I don’t think I’ve ever seen a horse who was shod for more than a year, who didn’t have white line damage. Anyone who helps lots of horses return to a barefoot condition, comes to recognise that horseshoes (plus infrequent trimming due to shoeing) do damage the feet. Most feet are going to be sore for a while after you pull the shoes – the front feet much more than the hind, because they carry more of the horse’s weight.

It can be very hard to admit to ourselves that we have caused this much damage to our beloved horses’ feet by doing what we thought was best for them – keeping them shod. I know how hard it is from personal experience, as well as from ‘holding the hand’ of horse owners while they go through the early part of the transition. The truth is, we made them sore; and so we get to live through the recovery time with them, including not riding for a while if necessary.

How long?

In general, it takes about a year of correct care before the de-shod hoof returns to the complete soundness it had before shoes. The issue when you pull the shoes is not, ‘Can I take him on a long, rocky trail ride tomorrow?’ but rather, ‘What’s a good programme to rehabilitate his feet?’.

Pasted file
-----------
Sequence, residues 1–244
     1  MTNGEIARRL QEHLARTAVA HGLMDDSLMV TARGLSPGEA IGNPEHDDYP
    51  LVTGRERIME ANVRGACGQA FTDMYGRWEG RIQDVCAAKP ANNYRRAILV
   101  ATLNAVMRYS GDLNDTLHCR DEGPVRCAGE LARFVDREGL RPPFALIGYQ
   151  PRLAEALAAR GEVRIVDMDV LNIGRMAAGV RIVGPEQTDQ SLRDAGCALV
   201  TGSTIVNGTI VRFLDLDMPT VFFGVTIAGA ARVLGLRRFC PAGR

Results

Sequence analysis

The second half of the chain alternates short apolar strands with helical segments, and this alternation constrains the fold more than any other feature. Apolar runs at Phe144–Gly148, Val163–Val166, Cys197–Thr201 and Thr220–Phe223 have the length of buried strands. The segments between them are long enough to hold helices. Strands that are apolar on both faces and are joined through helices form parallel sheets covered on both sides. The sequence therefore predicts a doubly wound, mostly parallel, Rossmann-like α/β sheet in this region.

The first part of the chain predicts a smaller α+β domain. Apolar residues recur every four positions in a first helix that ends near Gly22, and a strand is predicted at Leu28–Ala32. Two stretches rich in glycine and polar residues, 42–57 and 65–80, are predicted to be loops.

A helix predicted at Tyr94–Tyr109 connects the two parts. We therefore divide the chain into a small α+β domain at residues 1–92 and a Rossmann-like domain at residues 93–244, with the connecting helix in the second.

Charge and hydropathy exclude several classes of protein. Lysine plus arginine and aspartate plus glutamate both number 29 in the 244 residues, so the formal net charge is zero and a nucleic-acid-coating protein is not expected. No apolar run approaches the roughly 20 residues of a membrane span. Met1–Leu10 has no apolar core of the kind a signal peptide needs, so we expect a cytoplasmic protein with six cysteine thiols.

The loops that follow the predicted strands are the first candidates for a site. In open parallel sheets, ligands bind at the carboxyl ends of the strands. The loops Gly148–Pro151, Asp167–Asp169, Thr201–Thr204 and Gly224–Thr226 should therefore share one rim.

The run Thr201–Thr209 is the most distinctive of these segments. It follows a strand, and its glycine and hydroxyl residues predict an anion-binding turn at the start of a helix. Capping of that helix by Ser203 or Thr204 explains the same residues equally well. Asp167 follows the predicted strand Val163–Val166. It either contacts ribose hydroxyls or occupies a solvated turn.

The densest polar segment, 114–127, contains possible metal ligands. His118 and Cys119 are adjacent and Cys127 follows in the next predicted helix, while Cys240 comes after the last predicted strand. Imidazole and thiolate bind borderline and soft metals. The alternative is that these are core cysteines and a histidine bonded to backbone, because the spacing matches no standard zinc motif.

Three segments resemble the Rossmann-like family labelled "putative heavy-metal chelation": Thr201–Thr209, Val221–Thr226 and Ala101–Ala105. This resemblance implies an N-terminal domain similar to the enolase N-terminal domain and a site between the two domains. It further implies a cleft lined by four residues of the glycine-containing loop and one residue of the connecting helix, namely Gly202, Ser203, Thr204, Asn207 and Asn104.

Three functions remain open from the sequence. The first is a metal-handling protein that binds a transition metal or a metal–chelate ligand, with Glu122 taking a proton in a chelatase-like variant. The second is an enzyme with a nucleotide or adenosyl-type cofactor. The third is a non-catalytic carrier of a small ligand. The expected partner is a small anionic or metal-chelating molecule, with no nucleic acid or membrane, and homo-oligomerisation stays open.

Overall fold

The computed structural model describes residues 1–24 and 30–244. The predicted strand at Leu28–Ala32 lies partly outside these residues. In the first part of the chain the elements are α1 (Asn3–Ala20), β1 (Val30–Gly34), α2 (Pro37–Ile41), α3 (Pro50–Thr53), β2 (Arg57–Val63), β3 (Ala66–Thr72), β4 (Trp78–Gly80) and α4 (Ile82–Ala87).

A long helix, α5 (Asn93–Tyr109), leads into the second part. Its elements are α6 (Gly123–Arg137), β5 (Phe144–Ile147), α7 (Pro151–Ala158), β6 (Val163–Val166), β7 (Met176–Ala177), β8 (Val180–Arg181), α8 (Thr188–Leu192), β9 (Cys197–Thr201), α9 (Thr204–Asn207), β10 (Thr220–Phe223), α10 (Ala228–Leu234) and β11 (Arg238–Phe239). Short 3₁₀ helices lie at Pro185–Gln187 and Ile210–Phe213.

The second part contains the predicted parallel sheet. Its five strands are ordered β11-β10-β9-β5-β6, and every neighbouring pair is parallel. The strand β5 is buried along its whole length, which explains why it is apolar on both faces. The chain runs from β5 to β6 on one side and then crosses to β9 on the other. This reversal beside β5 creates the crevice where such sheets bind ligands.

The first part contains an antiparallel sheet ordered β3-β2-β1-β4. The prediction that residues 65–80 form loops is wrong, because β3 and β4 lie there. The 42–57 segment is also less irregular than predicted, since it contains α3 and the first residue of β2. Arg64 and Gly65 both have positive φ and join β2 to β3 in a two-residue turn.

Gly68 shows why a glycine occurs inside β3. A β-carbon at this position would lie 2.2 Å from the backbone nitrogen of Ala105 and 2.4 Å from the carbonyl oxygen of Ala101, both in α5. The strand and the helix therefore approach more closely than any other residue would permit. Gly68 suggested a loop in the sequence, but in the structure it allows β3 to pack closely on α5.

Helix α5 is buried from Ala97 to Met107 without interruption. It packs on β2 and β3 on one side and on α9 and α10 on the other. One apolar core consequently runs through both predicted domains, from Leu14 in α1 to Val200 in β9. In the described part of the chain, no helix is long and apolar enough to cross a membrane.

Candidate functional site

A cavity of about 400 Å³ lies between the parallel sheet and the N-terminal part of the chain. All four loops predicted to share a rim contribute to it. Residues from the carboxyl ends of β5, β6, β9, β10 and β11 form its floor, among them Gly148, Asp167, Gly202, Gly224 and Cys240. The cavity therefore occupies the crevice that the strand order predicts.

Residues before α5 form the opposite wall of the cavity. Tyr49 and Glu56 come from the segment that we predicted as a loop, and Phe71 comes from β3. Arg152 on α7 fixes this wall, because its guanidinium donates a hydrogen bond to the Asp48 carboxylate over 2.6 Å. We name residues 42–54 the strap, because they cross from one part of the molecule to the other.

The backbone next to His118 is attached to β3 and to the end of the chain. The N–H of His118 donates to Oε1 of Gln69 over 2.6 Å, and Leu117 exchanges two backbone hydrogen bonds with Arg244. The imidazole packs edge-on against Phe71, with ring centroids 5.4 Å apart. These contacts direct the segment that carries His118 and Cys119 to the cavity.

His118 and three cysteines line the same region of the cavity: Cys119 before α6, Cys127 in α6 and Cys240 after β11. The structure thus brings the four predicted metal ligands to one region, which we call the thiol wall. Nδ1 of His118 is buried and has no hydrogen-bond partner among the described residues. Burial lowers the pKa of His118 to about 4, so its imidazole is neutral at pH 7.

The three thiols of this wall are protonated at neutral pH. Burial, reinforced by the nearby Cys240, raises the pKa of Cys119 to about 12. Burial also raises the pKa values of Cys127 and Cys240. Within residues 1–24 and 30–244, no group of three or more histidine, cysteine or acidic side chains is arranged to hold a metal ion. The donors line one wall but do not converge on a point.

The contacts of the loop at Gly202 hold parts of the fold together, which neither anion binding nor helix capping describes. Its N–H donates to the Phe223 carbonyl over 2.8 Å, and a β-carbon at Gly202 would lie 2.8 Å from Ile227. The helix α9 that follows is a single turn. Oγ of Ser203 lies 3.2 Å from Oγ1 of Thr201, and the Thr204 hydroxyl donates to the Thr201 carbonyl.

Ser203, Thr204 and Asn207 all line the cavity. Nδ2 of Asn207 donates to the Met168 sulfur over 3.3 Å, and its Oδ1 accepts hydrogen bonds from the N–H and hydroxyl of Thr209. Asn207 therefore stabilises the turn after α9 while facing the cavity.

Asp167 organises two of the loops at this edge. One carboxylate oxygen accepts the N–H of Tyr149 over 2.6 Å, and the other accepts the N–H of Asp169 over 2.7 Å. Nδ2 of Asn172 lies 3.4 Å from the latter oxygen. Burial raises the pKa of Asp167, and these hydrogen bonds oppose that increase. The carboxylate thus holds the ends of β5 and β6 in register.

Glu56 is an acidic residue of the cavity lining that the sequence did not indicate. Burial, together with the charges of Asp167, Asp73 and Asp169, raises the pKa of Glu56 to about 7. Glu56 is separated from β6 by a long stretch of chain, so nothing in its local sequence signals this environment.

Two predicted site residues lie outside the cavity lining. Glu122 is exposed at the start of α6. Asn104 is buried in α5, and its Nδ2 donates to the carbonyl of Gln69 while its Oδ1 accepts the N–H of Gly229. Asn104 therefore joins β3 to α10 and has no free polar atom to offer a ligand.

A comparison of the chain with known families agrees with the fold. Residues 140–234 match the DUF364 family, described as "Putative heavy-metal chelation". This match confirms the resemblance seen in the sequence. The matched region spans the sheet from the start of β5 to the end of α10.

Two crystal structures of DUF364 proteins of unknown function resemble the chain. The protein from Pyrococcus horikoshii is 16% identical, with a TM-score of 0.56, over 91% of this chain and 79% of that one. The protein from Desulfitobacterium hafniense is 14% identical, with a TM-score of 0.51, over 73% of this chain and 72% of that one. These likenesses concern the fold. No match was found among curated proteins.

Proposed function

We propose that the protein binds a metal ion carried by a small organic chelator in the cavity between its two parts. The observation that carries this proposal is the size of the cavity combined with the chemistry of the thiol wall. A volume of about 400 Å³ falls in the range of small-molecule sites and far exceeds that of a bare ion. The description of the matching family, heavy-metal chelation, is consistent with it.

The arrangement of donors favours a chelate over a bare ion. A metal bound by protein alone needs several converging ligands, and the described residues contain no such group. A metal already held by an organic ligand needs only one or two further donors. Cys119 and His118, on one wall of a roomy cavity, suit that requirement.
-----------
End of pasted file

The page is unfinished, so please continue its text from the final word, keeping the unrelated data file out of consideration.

The ‘white line strategy’ trim dramatically shortens the early part of transition; in some cases months of unrideability can be reduced to days. Generally it will not mean the week after the first trim will be totally pain-free.

Hoof boots are an important tool for the transition to barefoot; the comfort they provide will ease your state of mind as much as they help the horse. Another tool is your decision to be patient and trust the horse to heal. They do heal. They get better than you can imagine.

All the de-shod horses I know became barefoot-rideable within a few days to about a year, given these conditions of care:

  • A non-invasive, ‘natural’ or ‘wild-horse’ trim.
  • White line strategy used wherever there is white line separation (flaring).
  • A consistent trimming schedule so that the walls never get more than the thickness of two credit cards longer than the sole.
  • Hoof boots used on the front feet when riding on gravel, rocks, pavement or very dry, hard ground.
  • The most turnout as possible (24/7 is most effective).